I recently moved to a different server and there are some posts that weren’t imported. This is one of them. I first posted this review of The Giant’s House by Elizabeth McCracken, the first book I reviewed in May 2007.
I’m not sure of my reaction to The Giant’s House. It is a touching account of the relationship of Peggy Cort, an introverted librarian and James Sweatt, who she meets when he is eleven years old and who grows up to be the tallest man in the world. Peggy lives in a small world of her own; an orderly and precise world devoid of men. During the course of James’s short life he changes Peggy’s life forever. I found it to be an unlikely romance with a slightly disturbing edge to it.
As a former librarian I found the descriptions of Peggy’s library and her thoughts about librarians to be realistic, so I wasn’t surprised to read that she used to be a full-time librarian:
I am a librarian and you cannot stop me from annotating, revising, updating.
People think librarians are unromantic, unimaginative. This is not true.
A good librarian is not so different from a prospector, her whole brain a divining rod. She walks to books and stand and wonders: here? Is the answer here? The same blind faith in finding, even when hopeless. If someone caught me when in the throes of tracking something elusive, I would have told them: but it’s out there. I can feel it God wants me to find it Never jump to conclusions when trying to answer a reference question. My job was to show people – even people I liked – how to use the library, not to use it for them.
Although explaining how the library worked was satisfying, I always felt restricted as a librarian that I was not the one doing the research. However, it is good to be able to search for information, even if you’re not the one using it and it is an extremely useful skill to have.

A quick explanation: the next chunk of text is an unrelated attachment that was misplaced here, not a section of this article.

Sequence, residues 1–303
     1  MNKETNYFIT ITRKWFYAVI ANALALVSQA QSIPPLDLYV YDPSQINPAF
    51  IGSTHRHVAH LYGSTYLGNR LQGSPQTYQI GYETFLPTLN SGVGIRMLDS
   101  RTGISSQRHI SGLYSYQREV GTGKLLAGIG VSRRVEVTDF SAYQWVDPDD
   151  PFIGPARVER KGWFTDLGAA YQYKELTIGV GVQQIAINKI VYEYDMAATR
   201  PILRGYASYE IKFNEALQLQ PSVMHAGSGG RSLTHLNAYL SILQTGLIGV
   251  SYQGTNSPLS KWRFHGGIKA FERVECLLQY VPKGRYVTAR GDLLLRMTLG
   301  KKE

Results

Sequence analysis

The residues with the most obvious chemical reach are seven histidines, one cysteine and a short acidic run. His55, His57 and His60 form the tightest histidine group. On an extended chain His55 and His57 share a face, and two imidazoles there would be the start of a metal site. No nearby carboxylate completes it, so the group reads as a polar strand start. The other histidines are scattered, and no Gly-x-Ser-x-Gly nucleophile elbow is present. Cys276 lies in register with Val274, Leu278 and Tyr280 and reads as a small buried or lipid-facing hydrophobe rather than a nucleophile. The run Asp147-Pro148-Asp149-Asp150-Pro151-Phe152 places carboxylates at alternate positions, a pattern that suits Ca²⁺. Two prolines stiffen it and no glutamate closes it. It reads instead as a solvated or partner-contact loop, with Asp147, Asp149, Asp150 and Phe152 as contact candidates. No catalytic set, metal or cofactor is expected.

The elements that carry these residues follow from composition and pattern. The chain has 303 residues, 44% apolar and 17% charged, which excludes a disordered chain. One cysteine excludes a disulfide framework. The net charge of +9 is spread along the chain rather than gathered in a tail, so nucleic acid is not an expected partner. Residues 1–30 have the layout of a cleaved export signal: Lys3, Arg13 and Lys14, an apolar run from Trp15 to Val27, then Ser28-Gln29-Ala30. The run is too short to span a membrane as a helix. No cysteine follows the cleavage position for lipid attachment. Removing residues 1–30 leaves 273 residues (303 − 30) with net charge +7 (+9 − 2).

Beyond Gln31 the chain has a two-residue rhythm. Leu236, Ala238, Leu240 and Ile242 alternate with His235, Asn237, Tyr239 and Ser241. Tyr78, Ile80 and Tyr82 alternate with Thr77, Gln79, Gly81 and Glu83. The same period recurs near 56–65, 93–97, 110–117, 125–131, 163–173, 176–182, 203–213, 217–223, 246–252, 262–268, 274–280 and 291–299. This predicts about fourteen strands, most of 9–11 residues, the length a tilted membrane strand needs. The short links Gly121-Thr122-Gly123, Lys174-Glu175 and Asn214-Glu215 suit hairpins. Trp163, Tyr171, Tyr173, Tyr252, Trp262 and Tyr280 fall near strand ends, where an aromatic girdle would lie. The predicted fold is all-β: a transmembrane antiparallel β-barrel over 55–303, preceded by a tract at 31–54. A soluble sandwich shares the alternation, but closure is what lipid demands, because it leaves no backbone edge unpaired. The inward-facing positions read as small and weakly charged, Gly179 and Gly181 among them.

The most poignant parts of the book are when Peggy expresses her longing to be with James. She is envious of his school friends and the times they have together listening to music, dancing and enjoying being together: ‘Some nights I could not bear all that youth and possibility: I’d hear laughter through the door and I’d turn around and leave.‘
She doesn’t like to be touched and comments on the dancing:
I saw through the window a boy and girl dancing – or should I say, embracing while revolving in tandem. The music was slow treacle … Other people’s happiness is always a fascinating bore. It sucks the oxygen out of the room: you’re left gasping, greedy, amazed by a deficit in yourself you hadn’t ever noticed.
The descriptions of James however, left me feeling as though I was a voyeur – from the descriptions of not only his height but also of his whole body such as the condition of his feet encased in shoes that he had quickly grown out of so that he couldn’t feel his feet, which were ‘meaty‘, with an acrid smell, and the ‘toes were the worst: the nails curled around their own toes, or knifed into their neighbors …‘
Similarly the account of his ‘giantism‘ left me feeling uneasy, with its emphasis on being a freak; perhaps that is Elizabeth McCracken’s skill in writing leaving me with this discomfort about mine and others’ reactions to people who are physically different. But it is not only James who is different Peggy is also a misfit: ‘Oh, I was a scandal … they talk about me in this town. I have passed into legend.’ Yet I found it easier to read about Peggy’s difficulties than about James’s.
All in all, this book gave me much to think about. The characters are well delineated, and even the minor ones, described with economy, are distinct. Peggy as the narrator gives a cool, precise account and I liked the humorous touches. The ending is a little surprising, although some of it was signalled in advance. The final chapter worked well for me in concluding the story.